Curt R. Hartman, Interim CEO, VP & Chief Financial Officer
Ramesh Subrahmanian, Group President, International
Kevin A. Lobo, Group President, Orthopaedics
Timothy J. Scannell, Group President, MedSurg & Spine
William R. Enquist, President, Endoscopy
James N. Heath, President, Instruments
William J. Huffnagle, President, Reconstructive
Vivian Masson, President, Osteosynthesis
Mark H. Paul, President, Neurovascular
Bradford L. Saar, President, Medical
Spencer S. Stiles, President, Spine
NO. OF EMPLOYEES: 21,241
GLOBAL HEADQUARTERS: Kalamazoo, Mich.
If that famous 19th century idiom is true—the one proclaiming imitation to be the most sincere form of flattery—then former Stryker Corp. Board Chairman John W. Brown should be tickled pink. Brown, now retired from the Kalamazoo, Mich.-based
orthopedic manufacturer, was quoted by executive management
in the company’s most recent annual report.
“Since Dr. Stryker’s first invention,
we have been a company of inventors,
experimenters and achievers—all
united behind the single goal of im-
proving the delivery of healthcare in
ways that positively affect the work of
caregivers and the lives of patients,”In-
terim CEO, Vice President and Chief Fi-
nancial Officer Curt R. Hartman wrote
in a four-page letter to shareholders at
the start of Stryker’s 2011 annual report.
(Hartman assumed the post after for-
mer Chairman/President/CEO Stephen
P. MacMillan resigned abruptly in Feb-
ruary 2012).“I am excited about our fu-
ture and our prospects for continued
growth. To borrow a quote from John W.
Brown, Chairman Emeritus, which
graced these pages several years ago, ‘I
am still long on Stryker.’”
Hartman has good reason to be
“long” on his company: Revenue grew
by $1 billion, or 13. 5 percent last year (to
$8.3 billion) and adjusted net earnings ballooned 12 percent to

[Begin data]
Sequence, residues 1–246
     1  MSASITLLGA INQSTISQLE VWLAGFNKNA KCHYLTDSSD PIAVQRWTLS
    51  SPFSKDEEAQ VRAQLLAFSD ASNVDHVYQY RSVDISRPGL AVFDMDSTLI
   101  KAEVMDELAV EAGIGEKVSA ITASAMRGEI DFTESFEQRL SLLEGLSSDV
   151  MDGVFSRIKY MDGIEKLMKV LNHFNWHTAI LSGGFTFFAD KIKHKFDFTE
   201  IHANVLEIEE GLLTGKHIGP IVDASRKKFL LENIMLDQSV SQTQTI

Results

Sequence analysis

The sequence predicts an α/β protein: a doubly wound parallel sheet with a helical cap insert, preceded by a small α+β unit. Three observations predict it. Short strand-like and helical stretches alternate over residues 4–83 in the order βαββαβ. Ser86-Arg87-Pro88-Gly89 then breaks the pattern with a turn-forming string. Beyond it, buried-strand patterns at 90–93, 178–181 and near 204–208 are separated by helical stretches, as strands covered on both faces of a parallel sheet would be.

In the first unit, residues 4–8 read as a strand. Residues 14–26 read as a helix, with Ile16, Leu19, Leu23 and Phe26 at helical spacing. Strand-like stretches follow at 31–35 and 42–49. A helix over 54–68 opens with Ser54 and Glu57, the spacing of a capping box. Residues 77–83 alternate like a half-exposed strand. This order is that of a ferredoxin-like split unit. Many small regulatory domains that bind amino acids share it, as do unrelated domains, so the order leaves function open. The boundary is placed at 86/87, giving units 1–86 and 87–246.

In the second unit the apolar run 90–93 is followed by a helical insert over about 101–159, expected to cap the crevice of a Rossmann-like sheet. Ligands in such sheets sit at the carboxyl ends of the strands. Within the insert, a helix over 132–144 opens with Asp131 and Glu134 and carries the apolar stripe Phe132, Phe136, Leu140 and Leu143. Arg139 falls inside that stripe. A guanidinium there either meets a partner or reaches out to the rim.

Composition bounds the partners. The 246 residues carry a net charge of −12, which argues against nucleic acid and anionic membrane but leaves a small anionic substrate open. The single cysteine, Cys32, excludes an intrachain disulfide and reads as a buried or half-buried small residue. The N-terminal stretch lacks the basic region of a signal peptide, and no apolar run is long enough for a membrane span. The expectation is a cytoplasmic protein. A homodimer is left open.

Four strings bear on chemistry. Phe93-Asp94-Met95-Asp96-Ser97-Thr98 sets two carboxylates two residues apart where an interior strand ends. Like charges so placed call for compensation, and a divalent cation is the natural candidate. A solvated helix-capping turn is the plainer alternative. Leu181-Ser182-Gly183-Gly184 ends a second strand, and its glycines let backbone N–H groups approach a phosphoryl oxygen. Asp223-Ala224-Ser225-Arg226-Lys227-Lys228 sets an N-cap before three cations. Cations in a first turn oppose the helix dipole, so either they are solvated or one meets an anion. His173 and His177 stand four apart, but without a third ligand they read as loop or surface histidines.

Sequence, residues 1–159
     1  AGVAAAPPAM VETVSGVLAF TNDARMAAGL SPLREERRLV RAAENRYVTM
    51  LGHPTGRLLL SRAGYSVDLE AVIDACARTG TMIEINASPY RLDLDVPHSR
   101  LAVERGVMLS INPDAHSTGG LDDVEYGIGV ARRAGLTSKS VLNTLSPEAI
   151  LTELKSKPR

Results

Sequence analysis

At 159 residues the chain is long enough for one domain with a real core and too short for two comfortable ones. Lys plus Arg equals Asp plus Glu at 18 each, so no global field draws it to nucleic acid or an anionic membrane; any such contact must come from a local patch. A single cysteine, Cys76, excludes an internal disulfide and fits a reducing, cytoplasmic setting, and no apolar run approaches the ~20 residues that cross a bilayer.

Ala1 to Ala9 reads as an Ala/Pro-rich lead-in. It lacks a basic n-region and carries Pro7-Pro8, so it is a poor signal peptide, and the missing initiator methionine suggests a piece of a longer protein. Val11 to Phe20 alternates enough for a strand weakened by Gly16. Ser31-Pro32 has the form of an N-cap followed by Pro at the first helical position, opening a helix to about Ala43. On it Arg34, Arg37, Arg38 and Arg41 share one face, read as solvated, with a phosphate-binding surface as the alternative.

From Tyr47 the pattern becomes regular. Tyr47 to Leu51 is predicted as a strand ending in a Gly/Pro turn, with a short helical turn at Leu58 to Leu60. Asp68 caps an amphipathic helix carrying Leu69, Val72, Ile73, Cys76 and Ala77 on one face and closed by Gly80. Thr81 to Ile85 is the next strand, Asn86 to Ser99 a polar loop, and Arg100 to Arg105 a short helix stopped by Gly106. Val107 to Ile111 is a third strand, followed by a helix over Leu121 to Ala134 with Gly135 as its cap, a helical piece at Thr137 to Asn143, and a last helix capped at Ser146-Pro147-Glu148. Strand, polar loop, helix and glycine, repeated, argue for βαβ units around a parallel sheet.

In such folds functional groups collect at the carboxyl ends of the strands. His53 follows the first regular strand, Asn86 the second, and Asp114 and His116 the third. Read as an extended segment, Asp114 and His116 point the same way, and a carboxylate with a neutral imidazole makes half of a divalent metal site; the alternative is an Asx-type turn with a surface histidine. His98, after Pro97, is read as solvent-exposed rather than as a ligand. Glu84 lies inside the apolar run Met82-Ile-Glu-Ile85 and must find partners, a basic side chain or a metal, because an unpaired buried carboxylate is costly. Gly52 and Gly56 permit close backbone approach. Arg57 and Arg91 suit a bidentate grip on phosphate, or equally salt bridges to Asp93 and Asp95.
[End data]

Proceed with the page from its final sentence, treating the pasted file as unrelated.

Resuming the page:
$3.72, finishing near the high end of executives’original guidance.
Further cementing Hartman’s rosy outlook on Stryker most
likely was the 9.1 percent jump in gross profit and the 5. 6 percent
rise in net earnings to $1.34 billion in the year ended Dec. 31, 2011.
Solid growth in both domestic and international sales indubitably
contributed as well—U.S. revenue swelled 9. 9 percent to $5.2 billion while international proceeds totaled $3 billion, a 13. 4 percent
increase in constant currency compared with 2010.
Indeed, Stryker’s financial health was nearly picture-perfect
last year, save for a 3. 7 percent decrease in operating income (a
mere hiccup for all intents and purposes) and a $38 million severance outlay to cover the pensions and health benefits of employees affected by a restructuring that will reduce the company’s
global workforce 5 percent by the end of 2012. Stryker initiated
the restructuring to realign resources and potentially minimize the
impact of the 2.3 percent medical device excise tax that is set to
take effect next year.
Stryker also incurred an additional $38 million in asset impairments and other contractual obligations in 2011, but the company recouped that expense (and the severance charge) by
negotiating a $99 million settlement with the U.S. Internal Revenue Service (IRS) over the firm’s cost-sharing arrangement with
two wholly owned Irish entities.
While notable, the IRS settlement was mere pocket change
compared with the additional revenue generated by each of
Stryker’s three business segments last year. The most impressive
gains came from the Reconstructive unit, which surmounted dramatic changes in the global healthcare environment and lower
surgical procedural volume to achieve a 4. 5 percent rise in sales.
“Our reconstructive implant business was affected as high un-
Financial data provided by Stryker Corp.
ODT • 43